June 1, 2009

Buckle Up for Safety


Have you ever thought about bike helmets? No, seriously. What do they do? Do they work? Are they effective? Yes, I’m going somewhere with this.

First, the facts. Bike helmets reduce serious head injuries in people who have bike accidents. Obviously, they don’t eliminate the possibility of a serious head injury, they just reduce the likelihood of having one. Yet people wearing helmets can die in bike accidents. If you think about it, imagining reasons this could happen isn’t very difficult. The energy of a car or truck hitting a person on a bicycle is likely to overwhelm the protective power of a helmet. When I lived in Utah, I remember a case of somebody unintentionally mountain-biking off a cliff. But most bike accidents occur because the front wheel catches a rock or a curb, or gets caught in a street drain. It’s in these most common accidents that the helmet makes the most difference, potentially changing the outcome of these common accidents from uncomfortable scrapes to seriously life-altering.

So good parents will insist on their children wearing bike helmets. Better parents will make sure they fit right. Insane parents will make the kid wear the helmet to bed.

So it confuses me when I see a parent and child bicycling together (I love seeing that! Good exercise and fun with the kid!) and the child is wearing a helmet but the parent is not.

Nobody wants or anticipates an accident. That’s why they’re called accidents. Being a good, experienced, adult bicyclist does not protect you from a head injury. Wearing a helmet does. So picture the following scenarios. The child goes over the handlebars--parent stops, assesses the situation, uses the cellphone or flags down some help as needed. The parent goes over the handlebars--who is looking after the child? Can the child summon help if needed? Will the child’s judgment about what to do have suboptimal implications for the injured parent? And then how well off will the child be?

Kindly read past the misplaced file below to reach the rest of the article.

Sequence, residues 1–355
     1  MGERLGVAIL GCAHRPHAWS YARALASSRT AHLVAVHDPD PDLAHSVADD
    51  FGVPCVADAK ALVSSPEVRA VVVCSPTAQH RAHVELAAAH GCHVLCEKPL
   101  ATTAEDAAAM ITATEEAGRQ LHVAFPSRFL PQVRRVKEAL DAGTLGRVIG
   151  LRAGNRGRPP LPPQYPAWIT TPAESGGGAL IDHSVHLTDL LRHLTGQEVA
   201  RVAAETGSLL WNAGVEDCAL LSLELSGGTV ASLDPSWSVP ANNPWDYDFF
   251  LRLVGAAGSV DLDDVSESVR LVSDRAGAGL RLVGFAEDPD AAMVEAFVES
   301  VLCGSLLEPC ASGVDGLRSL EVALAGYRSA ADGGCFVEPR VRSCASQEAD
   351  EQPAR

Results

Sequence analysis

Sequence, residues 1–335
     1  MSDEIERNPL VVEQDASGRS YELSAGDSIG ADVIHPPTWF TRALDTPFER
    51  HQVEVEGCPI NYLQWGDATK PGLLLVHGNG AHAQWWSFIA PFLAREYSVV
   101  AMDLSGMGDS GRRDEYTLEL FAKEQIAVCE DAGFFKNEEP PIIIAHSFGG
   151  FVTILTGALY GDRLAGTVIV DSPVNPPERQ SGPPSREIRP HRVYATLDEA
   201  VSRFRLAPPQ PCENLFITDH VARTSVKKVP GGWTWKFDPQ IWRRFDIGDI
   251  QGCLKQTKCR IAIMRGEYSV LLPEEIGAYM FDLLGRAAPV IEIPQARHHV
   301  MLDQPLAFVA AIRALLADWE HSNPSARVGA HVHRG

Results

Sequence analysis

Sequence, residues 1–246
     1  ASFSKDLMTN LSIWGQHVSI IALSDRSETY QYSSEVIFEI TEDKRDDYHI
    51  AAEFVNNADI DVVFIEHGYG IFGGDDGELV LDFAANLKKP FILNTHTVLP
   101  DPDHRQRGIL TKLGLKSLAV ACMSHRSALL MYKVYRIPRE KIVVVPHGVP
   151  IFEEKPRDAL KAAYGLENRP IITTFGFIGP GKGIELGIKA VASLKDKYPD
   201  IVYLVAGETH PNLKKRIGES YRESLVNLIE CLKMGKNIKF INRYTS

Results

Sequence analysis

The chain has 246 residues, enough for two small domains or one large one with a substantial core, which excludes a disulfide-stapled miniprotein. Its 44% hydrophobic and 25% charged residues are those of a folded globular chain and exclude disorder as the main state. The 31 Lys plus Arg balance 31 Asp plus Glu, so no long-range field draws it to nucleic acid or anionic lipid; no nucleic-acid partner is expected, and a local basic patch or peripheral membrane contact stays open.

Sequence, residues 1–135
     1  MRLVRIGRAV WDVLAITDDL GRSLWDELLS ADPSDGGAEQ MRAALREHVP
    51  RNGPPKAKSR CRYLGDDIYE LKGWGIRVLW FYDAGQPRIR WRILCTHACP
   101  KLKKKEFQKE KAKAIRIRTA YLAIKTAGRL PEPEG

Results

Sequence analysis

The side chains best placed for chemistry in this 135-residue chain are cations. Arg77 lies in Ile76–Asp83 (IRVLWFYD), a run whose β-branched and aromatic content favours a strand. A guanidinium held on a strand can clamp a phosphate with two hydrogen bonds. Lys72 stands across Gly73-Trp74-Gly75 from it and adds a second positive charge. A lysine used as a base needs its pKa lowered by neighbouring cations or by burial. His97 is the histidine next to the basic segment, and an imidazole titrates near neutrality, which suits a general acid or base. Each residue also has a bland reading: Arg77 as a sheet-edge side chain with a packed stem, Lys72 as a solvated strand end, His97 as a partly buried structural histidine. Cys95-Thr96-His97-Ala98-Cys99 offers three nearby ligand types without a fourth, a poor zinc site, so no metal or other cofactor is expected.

A perspective empathic to the child leads to a conclusion that the child needs a helmet, but so does the parent. So when you go bicycling with your child, please wear a helmet--for the kid’s sake.

There are, of course, other examples of this kind of decision about the safety of the child. We put our children in car seats, though they are obviously restrictive and children often don’t like them. I’ll ask the same questions as I did for bike helmets. Did you research this yourself? Do they actually work? What, specifically , do they prevent? If your child complains about sitting in one, do you give in and let them climb from back seat to front or play in the back of the station wagon like I did over 40 years ago? Why don’t you? What made you believe? After all, you know that seat belts won’t always protect you, and that plenty of people are injured and killed in auto accidents who are wearing seatbelts. Even people who never met somebody who was in a horrible car crash wear seatbelts. At some point, they believed that they are safer. I remember seeing ads on TV about buckling up for safety. My sister and I had to pester our parents about wearing seatbelts--which didn’t retract and weren’t convenient back in the stone age. It took a lot of annoying before they regularly did it just to shut us up. I wonder why they were so resistant to doing this, and I’m sad to say I have missed my chance to ask them.

I don’t think reasonable people need absolute perfection to take advantage of these potentially life-saving technologies. Most of us know that putting on that bike helmet doesn’t eliminate our risk, it just cuts it down a lot. We should act on that to help protect our children. I don’t think that most readers who got this far will think my logic particularly controversial. When it comes to sitting in the car seat or wearing a bicycle helmet, the empathic parent does not negotiate with their child. It’s helmet on or no bicycling allowed.

When I read the tragic story about the unvaccinated baby in Minnesota who died of HIB disease--pretty much preventable with vaccine since 1988--I wondered what the parents had thought beforehand. Did they do their own research or did they take somebody’s word for it? Whose word? Who did they trust to guide them about the potential protection of their child from this deadly disease? What were their information sources to make this important decision? How authoritative is a web page? Did they research the vaccine? Did they research the disease it prevents (it’s a bad one)? Did they always put the baby in a car seat?

How to fit a bike helmet video.
video

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